Purpose: To compare the dosimetric differences of various online IGRT strategies and to predict potential benefits of online re-optimization techniques in prostate cancer radiation treatments. Materials and methods: Nine prostate patients were recruited in this study. Each patient has one treatment planning CT images and 10-treatment day CT images. Five different online IGRT strategies were evaluated which include 3D conformal with bone alignment, 3D conformal re-planning via aperture changes, intensity modulated radiation treatment (IMRT) with bone alignment, IMRT with target alignment and IMRT daily re-optimization. Treatment planning and virtual treatment delivery were performed. The delivered doses were obtained using in-house deformable dose mapping software. The results were analyzed using equivalent uniform dose (EUD). Results: With the same margin, rectum and bladder doses in IMRT plans were about 10% and 5% less than those in CRT plans, respectively. Rectum and bladder doses were reduced as much as 20% if motion margin is reduced by 1 cm. IMRT is more sensitive to organ motion. Large discrepancies of bladder and rectum doses were observed compared to the actual delivered dose with treatment plan predication. The therapeutic ratio can be improved by 14% and 25% for rectum and bladder, respectively, if IMRT online re-planning is employed compared to the IMRT bone alignment approach. The improvement of target alignment approach is similar with 11% and 21% dose reduction to rectum and bladder, respectively. However, underdosing in seminal vesicles was observed on certain patients. Conclusions: Online treatment plan re-optimization may significantly improve therapeutic ratio in prostate cancer treatments mostly due to the reduction of PTV margin. However, for low risk patient with only prostate involved, online target alignment IMRT treatment would achieve similar results as online re-planning. For all IGRT approaches, the delivered organ-at-risk doses may be

  2. 42 CFR 417.155 - How the HMO option must be included in the health benefits plan.

    Science.gov (United States)

    2010-10-01

    ... printed materials that meet the requirements of § 417.124(b). (ii) Access may not be more restrictive or... benefits plan. 417.155 Section 417.155 Public Health CENTERS FOR MEDICARE & MEDICAID SERVICES, DEPARTMENT... Organizations in Employee Health Benefits Plans § 417.155 How the HMO option must be included in the health...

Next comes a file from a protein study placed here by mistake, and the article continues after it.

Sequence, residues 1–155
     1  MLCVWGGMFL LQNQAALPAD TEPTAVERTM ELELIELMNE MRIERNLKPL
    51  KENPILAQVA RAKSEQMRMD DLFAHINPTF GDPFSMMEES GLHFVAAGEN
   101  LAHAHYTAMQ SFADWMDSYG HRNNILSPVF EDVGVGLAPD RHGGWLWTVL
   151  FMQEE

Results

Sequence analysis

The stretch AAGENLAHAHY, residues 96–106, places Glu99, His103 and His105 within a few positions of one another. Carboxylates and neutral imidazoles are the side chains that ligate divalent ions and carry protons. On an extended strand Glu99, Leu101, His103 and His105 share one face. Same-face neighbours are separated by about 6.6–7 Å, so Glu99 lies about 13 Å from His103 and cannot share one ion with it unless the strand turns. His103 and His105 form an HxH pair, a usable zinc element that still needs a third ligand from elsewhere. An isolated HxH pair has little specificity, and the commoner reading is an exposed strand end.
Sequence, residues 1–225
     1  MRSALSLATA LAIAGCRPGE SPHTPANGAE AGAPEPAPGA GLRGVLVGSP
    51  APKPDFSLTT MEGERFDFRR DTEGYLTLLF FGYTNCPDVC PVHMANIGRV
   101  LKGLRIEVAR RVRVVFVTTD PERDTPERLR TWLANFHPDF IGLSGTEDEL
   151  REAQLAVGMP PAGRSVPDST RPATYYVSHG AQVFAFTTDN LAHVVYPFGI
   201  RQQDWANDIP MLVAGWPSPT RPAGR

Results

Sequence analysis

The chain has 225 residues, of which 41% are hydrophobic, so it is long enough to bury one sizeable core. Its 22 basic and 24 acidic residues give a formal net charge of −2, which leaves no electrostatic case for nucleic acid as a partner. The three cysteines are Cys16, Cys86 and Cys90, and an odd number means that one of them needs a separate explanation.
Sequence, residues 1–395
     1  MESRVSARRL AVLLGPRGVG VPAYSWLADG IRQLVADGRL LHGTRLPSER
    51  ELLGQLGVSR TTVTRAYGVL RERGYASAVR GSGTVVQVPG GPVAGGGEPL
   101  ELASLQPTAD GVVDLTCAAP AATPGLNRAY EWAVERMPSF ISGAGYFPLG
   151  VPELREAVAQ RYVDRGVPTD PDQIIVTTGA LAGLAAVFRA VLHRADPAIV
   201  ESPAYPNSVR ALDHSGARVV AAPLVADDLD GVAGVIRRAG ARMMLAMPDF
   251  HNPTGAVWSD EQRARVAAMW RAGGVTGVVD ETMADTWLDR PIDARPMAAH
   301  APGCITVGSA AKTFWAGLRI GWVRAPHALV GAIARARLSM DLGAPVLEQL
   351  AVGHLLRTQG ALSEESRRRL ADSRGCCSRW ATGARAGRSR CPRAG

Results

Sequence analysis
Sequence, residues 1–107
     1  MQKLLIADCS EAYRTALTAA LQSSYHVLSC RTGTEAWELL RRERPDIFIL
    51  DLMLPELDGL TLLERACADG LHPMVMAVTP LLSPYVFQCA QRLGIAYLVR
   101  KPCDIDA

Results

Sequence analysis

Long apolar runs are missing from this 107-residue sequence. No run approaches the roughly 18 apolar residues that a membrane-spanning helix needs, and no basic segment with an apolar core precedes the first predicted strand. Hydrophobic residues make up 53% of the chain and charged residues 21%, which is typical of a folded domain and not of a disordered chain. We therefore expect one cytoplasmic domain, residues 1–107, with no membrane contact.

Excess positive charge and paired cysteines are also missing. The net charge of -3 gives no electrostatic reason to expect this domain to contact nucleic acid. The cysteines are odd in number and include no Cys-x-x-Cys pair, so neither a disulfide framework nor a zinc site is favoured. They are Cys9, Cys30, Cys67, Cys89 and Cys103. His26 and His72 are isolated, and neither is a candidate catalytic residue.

3. Bruxism: overview of current knowledge and suggestions for dental implants planning

    NARCIS (Netherlands)

    Manfredini, D.; Bucci, M.B.; Sabattini, V.B.; Lobbezoo, F.

    2011-01-01

    Bruxism is commonly considered a detrimental motor activity, potentially causing overload of the stomatognathic structures and representing a risk factor for dental implant survival. The available literature does not provide evidence-based guidelines for the management of bruxers undergoing

  4. 78 FR 45934 - The National Institute of Dental and Craniofacial Research (NIDCR) Strategic Plan Request for...

    Science.gov (United States)

    2013-07-30

    ... diseases and disorders, has a distinguished record of supporting research to advance the oral health of the... revolutionizing how we understand, prevent, diagnose and manage dental, oral, and craniofacial diseases and...

  5. SU-F-T-444: Quality Improvement Review of Radiation Therapy Treatment Planning in the Presence of Dental Implants

    Energy Technology Data Exchange (ETDEWEB)

    Parenica, H; Ford, J [Texas A& M University, College Station, TX (United States); Mavroidis, P [University of North Carolina, Chapel Hill, NC, (United States); Li, Y; Stathakis, S [Cancer Therapy and Research Center, San Antonio, TX (United States); Papanikolaou, N [University of Texas Health Science Center at San Antonio, San Antonio, TX (United States)

    2016-06-15